Now, I am not going to argue for the return of all schools to local authority control, far from it. The rot set in in large parts of our education system because local authorities allowed too many schools to decay over many years. But it would greatly simplify matters if all schools were held to account in the same way.

I have no doubt that commissioners will grow into their roles and my regional directors will continue to work alongside them. But, I think we are going to need something more if we are to bring about the kind of improvement we have seen in London.

We need powerful political figures who feel responsible to local people for the performance of local schools. Mayors like Robin Wales and Jules Pipe in London, who see it as their personal responsibility to improve underperforming schools in east London, with impressive results.

Obviously, it is a matter for government whether the recent drive to devolve powers locally should include education. But, even without more formal powers, shouldn’t local politicians take more responsibility for education and expect more of their schools?

Improvement across such a complex system needs strong leadership that is aware of local weaknesses and isn’t afraid to confront vested interests. In such a complex system, parents need clarity about who will stand up for them and their children. In such a complex system, someone with local knowledge needs to ensure that there are good schools for all, not just for those lucky enough to live in the right postcodes.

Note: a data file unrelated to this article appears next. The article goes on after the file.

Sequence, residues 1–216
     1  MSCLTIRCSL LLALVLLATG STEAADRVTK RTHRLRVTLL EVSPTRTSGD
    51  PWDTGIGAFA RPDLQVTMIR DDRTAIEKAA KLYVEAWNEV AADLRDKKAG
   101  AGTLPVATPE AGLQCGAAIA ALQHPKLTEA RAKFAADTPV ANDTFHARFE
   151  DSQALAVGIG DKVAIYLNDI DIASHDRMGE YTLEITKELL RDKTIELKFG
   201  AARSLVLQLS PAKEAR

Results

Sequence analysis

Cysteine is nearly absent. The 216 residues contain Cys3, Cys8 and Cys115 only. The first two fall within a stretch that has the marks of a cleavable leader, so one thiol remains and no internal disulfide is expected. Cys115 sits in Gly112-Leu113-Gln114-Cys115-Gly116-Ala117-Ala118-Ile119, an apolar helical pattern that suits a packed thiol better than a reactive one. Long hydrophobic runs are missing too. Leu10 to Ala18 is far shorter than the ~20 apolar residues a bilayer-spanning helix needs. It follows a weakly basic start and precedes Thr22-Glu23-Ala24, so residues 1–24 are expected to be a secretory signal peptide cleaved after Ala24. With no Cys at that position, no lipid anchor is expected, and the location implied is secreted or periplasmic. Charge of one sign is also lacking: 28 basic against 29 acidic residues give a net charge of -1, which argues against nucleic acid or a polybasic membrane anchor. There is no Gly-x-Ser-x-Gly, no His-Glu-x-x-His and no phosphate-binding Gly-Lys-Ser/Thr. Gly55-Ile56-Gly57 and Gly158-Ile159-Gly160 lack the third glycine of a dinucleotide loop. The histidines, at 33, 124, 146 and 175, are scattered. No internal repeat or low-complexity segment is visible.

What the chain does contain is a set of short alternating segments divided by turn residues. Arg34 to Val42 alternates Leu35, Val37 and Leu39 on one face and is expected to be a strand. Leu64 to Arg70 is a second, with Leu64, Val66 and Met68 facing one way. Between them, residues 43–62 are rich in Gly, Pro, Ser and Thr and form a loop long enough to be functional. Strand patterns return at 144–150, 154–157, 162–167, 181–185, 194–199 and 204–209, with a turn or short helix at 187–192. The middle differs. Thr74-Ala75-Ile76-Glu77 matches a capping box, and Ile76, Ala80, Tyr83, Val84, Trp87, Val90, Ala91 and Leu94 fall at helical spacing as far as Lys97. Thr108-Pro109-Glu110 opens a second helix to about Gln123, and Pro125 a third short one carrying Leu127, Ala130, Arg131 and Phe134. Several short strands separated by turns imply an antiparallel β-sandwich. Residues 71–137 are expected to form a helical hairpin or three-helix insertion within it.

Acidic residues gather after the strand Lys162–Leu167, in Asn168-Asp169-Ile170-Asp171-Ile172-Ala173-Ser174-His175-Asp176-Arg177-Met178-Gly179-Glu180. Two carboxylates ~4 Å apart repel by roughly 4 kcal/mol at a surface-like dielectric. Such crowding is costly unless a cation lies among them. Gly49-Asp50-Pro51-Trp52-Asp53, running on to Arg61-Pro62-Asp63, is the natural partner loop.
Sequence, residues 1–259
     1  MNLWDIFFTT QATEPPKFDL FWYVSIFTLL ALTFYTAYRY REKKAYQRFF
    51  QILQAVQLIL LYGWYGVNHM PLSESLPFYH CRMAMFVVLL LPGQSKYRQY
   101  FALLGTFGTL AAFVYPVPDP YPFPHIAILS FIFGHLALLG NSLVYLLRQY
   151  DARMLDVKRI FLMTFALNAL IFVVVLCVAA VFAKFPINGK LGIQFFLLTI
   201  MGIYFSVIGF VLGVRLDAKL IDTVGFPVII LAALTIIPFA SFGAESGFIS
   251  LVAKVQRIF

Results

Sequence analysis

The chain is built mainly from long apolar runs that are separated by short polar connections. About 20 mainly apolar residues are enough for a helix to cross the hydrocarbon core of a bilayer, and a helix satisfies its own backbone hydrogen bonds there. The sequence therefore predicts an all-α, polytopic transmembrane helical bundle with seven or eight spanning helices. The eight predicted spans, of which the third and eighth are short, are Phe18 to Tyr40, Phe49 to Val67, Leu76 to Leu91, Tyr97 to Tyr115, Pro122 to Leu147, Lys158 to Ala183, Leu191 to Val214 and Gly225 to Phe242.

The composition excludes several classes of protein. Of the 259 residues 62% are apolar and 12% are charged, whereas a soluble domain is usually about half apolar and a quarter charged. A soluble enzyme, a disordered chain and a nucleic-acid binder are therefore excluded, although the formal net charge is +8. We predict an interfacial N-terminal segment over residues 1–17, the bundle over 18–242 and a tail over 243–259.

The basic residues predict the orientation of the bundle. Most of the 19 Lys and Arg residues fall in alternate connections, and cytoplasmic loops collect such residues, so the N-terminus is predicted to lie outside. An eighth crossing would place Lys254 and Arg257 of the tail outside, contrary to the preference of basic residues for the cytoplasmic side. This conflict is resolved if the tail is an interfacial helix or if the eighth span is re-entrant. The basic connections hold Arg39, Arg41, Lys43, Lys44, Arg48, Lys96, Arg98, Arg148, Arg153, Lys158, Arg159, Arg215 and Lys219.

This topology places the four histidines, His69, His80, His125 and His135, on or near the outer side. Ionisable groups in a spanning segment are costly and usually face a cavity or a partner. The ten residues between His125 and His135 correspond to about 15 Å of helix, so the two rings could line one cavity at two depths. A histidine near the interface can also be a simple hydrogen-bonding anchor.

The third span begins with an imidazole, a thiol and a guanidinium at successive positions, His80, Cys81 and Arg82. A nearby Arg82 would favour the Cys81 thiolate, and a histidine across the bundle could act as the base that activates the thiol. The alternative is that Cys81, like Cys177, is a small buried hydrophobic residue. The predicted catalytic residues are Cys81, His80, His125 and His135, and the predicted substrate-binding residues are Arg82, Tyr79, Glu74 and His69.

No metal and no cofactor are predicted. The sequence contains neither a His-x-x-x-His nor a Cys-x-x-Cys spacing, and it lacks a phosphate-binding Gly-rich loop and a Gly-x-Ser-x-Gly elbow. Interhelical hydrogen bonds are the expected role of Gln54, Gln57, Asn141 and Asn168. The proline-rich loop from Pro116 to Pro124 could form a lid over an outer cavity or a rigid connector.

It can be done. Improvements in London are beginning to radiate across the capital and into surrounding areas as schools and politicians set higher and higher expectations. London has become a nursery for success. I know of outstanding headteachers who have chosen to leave the capital and work further afield.

If it can happen in London, it can happen elsewhere. But it won’t happen by accident or committee. Local politicians in Manchester, Newcastle, Liverpool and Leeds now need to provide the leadership and drive regardless of the powers bequeathed by Whitehall.

A truly comprehensive system